• ABSTRACT: Gene and protein names follow few, if any, true naming conventions and are subject to great variation in different occurrences of the same name. This gives rise to two important problems in natural language processing. First, can one locate the names of genes or proteins in free text, and second, can one determine when two names denote the same gene or protein? The first of these problems is a special case of the problem of named entity recognition, while the second is a special case of the problem of automatic term recognition (ATR). We study the second problem, that of gene or protein name variation. Here we describe a system which, given a query gene or protein name, identifies related gene or protein names in a large list. The system is based on a dynamic programming algorithm for sequence alignment in which the mutation matrix is allowed to vary under the control of a fully trainable hidden Markov model.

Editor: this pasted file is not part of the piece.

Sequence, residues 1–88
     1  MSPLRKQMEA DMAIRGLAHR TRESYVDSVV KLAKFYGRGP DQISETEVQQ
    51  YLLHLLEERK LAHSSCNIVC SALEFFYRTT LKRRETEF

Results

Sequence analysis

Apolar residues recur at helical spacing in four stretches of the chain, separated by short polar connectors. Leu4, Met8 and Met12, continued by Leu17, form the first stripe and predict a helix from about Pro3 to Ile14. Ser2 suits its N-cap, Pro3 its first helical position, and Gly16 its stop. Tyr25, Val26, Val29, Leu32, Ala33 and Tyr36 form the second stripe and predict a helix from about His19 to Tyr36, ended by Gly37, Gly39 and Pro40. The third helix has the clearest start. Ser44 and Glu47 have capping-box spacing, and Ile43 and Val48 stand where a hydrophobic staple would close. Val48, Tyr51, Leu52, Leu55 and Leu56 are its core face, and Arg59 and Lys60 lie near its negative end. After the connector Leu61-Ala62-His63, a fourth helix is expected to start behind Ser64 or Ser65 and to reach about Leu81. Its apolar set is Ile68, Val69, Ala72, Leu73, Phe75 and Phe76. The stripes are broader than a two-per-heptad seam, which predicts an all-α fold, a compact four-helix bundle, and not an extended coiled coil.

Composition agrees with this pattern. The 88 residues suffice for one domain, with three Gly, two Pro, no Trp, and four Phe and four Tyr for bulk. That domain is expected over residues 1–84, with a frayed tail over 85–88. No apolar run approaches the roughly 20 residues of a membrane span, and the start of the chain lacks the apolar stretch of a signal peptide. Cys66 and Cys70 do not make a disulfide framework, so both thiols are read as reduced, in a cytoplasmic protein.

2003

2002

  • (Hirschman et al., 2002) ⇒ Lynette Hirschman, Alexander A. Morgan, and Alexander S. Yeh (2002). “Rutabaga by any Other Name: extracting biological names.” In: Journal of Biomedical Informatics, 35(4) doi:10.1016/S1532-0464(03)00014-5